Doing anything blindfold with one arm tied behind your back is a challenge – something that we don’t enjoy at the time, but which greatly increases the feeling of satisfaction (and relief) afterwards. So it is that I can very proudly offer the next release of my new-generation log browser, Woodpile.
The problem that I have been battling with is the unified log in Sierra and High Sierra, abounding in data but so extensive and dense that smarter people go off and do something different. Its TraceV3-format log files are a rich source of log entries which go back much further than normal Unix logs, but they’re locked in an undocumented, proprietary and compressed format.
When performing analysis on a log file, for example looking at the frequency of occurrence of entries, you need to know the start and end time for that section of log. Without that, you can only guess on the basis of excerpts obtained. Yet the only means of accessing the unified log, the command tool
log, has no direct way of providing a log file’s start and end.
I seriously thought about asking it to dump the entire file, so that I could inspect the very first and last entries, but even when compressed these log files are normally over 10 MB in size, so that would have been an act of desperation.
If we couldn’t know the actual start and finish times, it would be almost as good to let the user set two or more views of that file to a common time base. Say that one window, looking at the kernel process, had log entries covering the period from 1000 to 1200, and another looking at Safari perhaps covered 1030 to 1130. If the user can set both of them to 1000 to 1200, then they would at least be able to view comparable data, and the bars in the chart would line up properly.
I toyed with different ideas of how to make that accessible, such as copying and pasting the period between different windows, or using a tool to ‘link’ them. All were cumbersome, confusing, and quite unnatural.
In the end, I decided that the best answer was a popup menu, which offered the periods currently being used in other windows.
The concept is simple: each time that you set the period in one window, that should be added to the menu on all the others. In the example above, you’d have the kernel set automatically to 1000-1200, and Safari at 1030-1130. You could then decide whether to switch Safari to the broader view of 1000-1200, or look more closely with the kernel set to 1030-1130.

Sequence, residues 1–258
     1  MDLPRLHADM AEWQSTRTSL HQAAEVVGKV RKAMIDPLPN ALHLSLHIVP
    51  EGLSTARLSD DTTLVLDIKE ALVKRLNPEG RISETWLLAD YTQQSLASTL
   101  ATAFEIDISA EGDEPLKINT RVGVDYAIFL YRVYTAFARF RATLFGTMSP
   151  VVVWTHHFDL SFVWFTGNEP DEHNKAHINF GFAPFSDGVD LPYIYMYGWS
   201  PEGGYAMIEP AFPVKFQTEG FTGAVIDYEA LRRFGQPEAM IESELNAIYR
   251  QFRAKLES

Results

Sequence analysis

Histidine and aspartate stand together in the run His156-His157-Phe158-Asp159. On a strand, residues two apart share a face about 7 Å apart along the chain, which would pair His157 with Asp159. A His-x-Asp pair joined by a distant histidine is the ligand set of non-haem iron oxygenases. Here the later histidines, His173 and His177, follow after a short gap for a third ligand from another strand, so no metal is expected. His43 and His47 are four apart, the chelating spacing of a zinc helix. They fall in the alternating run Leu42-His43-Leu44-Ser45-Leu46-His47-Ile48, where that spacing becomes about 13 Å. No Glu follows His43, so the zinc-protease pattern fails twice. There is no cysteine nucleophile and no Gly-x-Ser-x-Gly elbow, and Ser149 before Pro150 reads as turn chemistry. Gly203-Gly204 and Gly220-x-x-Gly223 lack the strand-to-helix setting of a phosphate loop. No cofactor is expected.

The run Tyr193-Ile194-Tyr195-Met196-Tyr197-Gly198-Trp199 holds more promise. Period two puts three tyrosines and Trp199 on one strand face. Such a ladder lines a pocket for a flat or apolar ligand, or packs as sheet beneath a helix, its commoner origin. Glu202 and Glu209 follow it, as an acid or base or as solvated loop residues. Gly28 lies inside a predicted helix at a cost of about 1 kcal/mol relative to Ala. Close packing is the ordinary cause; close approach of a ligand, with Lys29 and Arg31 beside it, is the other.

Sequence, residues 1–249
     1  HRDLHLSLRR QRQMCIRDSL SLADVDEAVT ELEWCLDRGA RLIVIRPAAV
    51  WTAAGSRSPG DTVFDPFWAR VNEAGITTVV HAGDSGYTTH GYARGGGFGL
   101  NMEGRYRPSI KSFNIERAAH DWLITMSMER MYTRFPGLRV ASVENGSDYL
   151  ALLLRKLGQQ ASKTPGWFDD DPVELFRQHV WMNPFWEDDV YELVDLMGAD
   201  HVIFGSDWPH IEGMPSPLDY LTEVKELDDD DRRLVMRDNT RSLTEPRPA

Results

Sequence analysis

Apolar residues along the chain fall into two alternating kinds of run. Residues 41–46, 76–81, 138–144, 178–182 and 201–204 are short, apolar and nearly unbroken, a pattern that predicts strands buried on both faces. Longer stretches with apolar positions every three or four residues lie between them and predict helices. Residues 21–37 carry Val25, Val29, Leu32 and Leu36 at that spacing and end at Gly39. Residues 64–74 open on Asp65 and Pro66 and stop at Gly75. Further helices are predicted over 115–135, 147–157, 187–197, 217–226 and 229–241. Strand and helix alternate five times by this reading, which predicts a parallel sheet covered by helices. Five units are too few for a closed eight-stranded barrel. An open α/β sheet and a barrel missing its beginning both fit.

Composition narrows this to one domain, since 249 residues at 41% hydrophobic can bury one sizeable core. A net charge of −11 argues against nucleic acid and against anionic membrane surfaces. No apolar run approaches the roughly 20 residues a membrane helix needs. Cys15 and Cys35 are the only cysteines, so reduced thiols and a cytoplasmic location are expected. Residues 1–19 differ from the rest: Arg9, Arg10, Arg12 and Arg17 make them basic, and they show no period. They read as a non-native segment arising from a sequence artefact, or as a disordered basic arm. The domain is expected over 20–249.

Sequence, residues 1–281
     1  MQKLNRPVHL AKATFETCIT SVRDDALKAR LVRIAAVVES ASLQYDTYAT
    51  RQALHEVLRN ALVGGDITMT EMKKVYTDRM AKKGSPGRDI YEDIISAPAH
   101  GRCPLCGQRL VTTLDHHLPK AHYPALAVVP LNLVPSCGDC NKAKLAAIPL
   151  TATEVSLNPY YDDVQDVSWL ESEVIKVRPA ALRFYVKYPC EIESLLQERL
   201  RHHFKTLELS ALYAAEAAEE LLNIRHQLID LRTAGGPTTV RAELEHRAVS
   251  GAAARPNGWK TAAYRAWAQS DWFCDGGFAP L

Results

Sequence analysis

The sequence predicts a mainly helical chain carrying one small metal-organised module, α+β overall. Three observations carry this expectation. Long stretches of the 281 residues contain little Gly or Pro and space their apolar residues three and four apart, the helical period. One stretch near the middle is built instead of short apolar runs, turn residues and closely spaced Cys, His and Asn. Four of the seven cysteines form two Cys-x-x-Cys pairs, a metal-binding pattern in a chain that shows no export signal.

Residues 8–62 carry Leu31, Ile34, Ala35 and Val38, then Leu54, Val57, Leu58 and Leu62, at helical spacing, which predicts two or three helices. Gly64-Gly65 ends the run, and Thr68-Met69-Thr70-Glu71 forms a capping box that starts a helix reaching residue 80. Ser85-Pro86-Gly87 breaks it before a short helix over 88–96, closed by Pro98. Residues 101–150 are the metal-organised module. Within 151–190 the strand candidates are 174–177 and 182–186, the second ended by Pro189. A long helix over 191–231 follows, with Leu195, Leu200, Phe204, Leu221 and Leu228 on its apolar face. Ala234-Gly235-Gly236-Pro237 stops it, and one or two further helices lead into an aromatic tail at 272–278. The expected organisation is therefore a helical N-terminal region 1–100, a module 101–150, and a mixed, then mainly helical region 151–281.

As I will explain in gory code next week, implementing that has taken a bit of ingenuity. Each window that you see in Woodpile is actually a different document. Those documents cannot ‘see’ one another directly, so it has been a fascinating task to ensure that when one window changes its period setting, that is added to the popup menu on every other window.
I have also taken the opportunity to fix some embarrassingly silly bugs in Woodpile’s various calculations, which could on occasion suffer errors such as division by zero. Previous versions can sometimes crash on those, although they seem to occur relatively infrequently. This new version should prove more robust in those and other internal respects.
This new release is here: woodpile10b1
and in Downloads above.
My attention is next turning to making the bar chart more informative, without cluttering it up. As Woodpile is an exploration of this new approach to looking at a new type of log, I am not sure whether there are many significant additional features to be added before it goes into beta-release. One which I do want to offer is a checkbox option to show all log entries. I am also wondering whether to switch to Consolation 3’s custom log styles, instead of the current plain syslog style.
Your comments and thoughts are most welcome.